Dare to dream

May 052011
Authors: Andrew Carrera

Jeanette Yañez’s mother died when she was 14 years old. Now 17 and a junior at Poudre High School, she’s thinking about applying for college and missing her more than ever.

“My dad came over from Mexico,” she said. “He only had a second grade education there. He knows what he needs to know, like for the numbers for gas, and ‘I live at this place.’ He doesn’t know the difference between high school and junior high and college and stuff.”

Her mom used to talk to her about higher education. Now, Yañez is the one to start the discussion at home –– and her dad’s supportive of her dreams. But in the end, the college hopeful said that her household’s unfamiliarity with the maze of requirements, deadlines, rules and regulations puts her at a disadvantage in the application process.

“I feel as though it’s all up to me sometimes,” she said.

It’s for students like these that CSU’s Dream Project exists. The student-initiated campus group, started in November of 2009, helps local low-income and first-generation high school students through the college application process by putting them through a two-year mentor program.

Dream Project mentors meet at least once a week with their scholars who walk them through the college admissions process based on when colleges are expecting different things. Résumés, recommendation letters, essays and financial aid are all addressed, according to when they are due.

“I want to go to college,” said Yañez, who just started the program. “(My mentor) has been really helpful in answering my questions and just supporting me.”

The Dream Project recently graduated its first group of 20 scholars on Thursday at the Ingersoll Event Center. All say they will attend institutions of higher education in the fall.

“We’re creating a college-going mindset,” said the group’s adviser, Michelle Wellman. “Privileged households already have that. Their conversations are about if you’re going –– it’s when you’re going, and so we’re literally creating an entire culture.”

The group also plays host to events like “admissions weekend” where participants stay at CSU for three days and have three applications ready to send off by the time they go home.

The group appealed to CSU administrators for funding and after presenting to university decision-makers, “they were totally on board,” Wellman said. As part of the university’s yearlong budget process, officials have provided $10,000 for the Dream Project for fiscal year 2011-12.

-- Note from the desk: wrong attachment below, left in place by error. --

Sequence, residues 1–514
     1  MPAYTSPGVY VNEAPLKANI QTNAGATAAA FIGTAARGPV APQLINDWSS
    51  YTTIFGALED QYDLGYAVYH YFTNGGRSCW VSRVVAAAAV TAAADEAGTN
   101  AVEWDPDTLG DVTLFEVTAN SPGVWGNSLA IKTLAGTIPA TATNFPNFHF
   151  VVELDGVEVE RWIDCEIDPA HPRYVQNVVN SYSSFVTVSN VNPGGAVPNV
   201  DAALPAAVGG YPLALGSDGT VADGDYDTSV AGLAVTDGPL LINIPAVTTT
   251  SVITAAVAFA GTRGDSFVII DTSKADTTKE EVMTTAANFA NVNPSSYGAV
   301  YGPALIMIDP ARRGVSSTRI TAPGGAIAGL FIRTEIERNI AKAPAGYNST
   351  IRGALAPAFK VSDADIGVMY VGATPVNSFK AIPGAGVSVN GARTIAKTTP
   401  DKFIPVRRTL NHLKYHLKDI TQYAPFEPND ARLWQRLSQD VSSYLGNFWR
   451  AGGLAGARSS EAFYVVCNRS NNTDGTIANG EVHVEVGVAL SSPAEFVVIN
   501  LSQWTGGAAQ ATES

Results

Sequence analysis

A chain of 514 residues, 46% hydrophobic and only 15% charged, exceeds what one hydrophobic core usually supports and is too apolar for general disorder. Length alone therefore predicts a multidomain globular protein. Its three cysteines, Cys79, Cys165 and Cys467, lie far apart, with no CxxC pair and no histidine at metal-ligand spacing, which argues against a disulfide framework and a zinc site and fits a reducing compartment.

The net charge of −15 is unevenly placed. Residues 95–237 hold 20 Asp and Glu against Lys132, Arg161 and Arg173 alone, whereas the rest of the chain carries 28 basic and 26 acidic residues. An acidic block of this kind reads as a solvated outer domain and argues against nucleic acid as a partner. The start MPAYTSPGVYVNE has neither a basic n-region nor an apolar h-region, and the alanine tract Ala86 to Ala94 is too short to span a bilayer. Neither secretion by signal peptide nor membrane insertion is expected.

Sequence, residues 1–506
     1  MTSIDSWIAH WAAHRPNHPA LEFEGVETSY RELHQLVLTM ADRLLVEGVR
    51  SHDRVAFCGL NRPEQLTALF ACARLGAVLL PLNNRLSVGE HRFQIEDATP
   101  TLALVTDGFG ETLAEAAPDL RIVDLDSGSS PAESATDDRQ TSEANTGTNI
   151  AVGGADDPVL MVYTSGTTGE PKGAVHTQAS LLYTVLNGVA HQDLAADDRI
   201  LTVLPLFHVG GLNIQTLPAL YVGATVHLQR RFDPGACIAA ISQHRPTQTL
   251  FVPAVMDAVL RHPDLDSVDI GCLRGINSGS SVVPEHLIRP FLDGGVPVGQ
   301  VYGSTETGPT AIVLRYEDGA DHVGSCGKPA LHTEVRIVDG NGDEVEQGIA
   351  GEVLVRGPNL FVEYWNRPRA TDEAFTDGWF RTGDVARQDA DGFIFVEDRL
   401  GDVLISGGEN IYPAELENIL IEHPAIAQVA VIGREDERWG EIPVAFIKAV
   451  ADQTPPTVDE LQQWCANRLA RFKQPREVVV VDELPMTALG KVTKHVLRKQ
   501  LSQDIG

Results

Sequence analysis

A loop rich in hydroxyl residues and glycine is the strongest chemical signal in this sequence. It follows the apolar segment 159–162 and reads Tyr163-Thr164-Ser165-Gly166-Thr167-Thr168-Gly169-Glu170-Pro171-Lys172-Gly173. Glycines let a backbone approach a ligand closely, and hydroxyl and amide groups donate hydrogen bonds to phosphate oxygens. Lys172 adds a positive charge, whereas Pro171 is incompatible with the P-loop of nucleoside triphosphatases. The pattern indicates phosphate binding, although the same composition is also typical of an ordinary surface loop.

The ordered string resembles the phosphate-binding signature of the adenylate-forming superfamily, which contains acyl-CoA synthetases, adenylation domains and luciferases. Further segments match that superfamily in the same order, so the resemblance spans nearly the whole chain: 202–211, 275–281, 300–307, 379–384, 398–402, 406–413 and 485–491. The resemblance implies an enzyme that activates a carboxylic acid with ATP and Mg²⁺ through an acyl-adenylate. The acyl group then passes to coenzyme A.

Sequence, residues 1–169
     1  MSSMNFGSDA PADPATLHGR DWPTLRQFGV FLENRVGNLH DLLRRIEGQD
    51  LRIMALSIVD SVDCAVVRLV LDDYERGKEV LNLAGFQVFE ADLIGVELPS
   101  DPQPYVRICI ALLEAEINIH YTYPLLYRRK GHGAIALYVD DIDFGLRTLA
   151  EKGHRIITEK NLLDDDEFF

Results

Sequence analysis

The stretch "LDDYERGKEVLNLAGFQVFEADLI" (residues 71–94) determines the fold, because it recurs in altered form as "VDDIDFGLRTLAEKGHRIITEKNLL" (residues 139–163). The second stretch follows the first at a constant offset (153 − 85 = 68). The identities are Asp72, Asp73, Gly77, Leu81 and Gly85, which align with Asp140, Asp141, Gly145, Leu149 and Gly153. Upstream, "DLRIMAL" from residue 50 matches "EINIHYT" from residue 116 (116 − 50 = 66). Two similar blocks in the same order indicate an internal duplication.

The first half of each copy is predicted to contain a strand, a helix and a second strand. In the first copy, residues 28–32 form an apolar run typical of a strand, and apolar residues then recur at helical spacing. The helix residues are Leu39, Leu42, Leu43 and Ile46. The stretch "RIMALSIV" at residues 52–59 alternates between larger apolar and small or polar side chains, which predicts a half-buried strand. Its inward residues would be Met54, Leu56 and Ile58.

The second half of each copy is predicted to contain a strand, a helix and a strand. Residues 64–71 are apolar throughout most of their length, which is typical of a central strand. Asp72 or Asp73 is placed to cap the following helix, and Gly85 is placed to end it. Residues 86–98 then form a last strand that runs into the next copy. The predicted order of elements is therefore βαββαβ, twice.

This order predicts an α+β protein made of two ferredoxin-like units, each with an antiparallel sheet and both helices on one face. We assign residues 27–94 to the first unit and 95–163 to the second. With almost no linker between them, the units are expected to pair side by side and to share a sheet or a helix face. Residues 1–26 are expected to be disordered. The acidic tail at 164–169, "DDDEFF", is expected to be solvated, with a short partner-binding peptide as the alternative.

This funding will provide for workbooks, program expenses, travel and for the program to expand from Poudre High School to Fort Collins High School. Last year, CSU provided $5,000 for the program, according to CSU Spokesman Brad Bohlander.

The group has increased in size over the past two years. Its pool of mentors has gone from 16 to 40 people, and its class of scholars went up from 20 to 120 individuals.

“I come from a divorced family, and I lost my dad a couple years ago. I come from a single parent, and no one on my mom’s side has gone to college,” said Rachel Cansler, a senior at Poudre High School who was part of the Dream Project’s inaugural class. She plans to attend Front Range Community College and transfer to CSU to receive a degree in culinary sciences.

“It’s helped a lot with stuff I didn’t know about college –– especially applying to scholarships and applying to colleges and helping me with my essays,” she said.

Her high school counselor helped her as well but had 250 other students to attend to.
“They do what they can,” Cansler said. “But my mentor had me on top of my work constantly.”

The original Dream Project finds its roots in the University of Washington at Seattle. Its founder, after emigrating from Africa to the United States, was taken aback by the lack of diversity on campus. When four CSU students caught wind of his efforts to encourage disadvantaged high-school students to attend college, they decided to implement the idea in Fort Collins.

“I was a first generation student, and I didn’t have that support that I felt like I needed to make it here,” Muñoz said, explaining why she helped start the group. “I was planning on going to a community college, and once I got here I was like, ‘Wow, these students have probably had the same experience.’”

_Reporter Andrew Carrera can be reached at news@collegian.com. _

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